Justin Welby said that the language in the campaign has been very blunt, but this is the question of a generation, and merits passionate campaigning.
The spiritual leader of the Church of England said he would vote in favour of Britain remaining in the European Union, hailing the bloc as a force for peace and reconciliation on Sunday.
Evoking the union’s founders’ vision of healing the continent in the years after World War Two, Archbishop of Canterbury Justin Welby said the choice facing Britons in the June 23 referendum should be made with the same ambition and idealism.
“The EU came together in a Europe broken beyond description by war, and has shaped a continent which until recently has contributed to more human flourishing, and more social care, than at any time in European history,” Welby wrote in a Mail on Sunday newspaper article.
A British exit from the EU, or “Brexit”, would have far-reaching consequences for politics, the economy, trade, defence and migration in Britain and across the continent.
Opinion polls are giving conflicting clues as to which side is ahead, but the overall picture suggests the race is tight with many voters still undecided.
“We are going to make a choice that will change the lives of all of us, and the next generations, both for this country and indirectly for much of Europe,” wrote Welby, adding that Britain’s vision for its future “cannot be only about ourselves”.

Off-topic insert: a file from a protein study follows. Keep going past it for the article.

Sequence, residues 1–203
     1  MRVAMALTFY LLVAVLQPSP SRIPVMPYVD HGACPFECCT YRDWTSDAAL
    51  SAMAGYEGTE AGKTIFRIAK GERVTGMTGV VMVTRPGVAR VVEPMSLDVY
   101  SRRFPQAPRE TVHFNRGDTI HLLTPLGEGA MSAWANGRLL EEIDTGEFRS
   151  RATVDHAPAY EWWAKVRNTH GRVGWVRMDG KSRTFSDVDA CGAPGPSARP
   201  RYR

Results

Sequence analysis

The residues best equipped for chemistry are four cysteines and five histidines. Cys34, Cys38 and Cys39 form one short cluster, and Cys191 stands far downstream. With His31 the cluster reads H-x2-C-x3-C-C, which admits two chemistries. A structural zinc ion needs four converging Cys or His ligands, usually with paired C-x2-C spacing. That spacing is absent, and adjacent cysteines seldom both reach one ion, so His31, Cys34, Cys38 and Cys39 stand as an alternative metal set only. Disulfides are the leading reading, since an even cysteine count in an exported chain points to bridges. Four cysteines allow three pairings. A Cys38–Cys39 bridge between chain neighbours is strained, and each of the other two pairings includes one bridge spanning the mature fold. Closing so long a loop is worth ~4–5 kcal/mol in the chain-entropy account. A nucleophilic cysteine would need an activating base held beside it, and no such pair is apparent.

The archbishop, the most senior cleric in the world’s 85 million-strong Anglican communion, said he did not wish to tell others how to vote and had no divine hotline to the right answer.
“But for my part, based on what I have said and on what I have experienced, I shall vote to remain,” he said.
Welby also said that whatever the result, Britons should come together after referendum day to heal the divisions caused by the campaign, which has split the ruling Conservative Party and wider society.
“The language in the campaign has been very blunt, but this is the question of a generation, and merits passionate campaigning,” he said.
“After the referendum we must come together as one people to make the solution we choose work well. Hard words … must not create enduring bitterness.”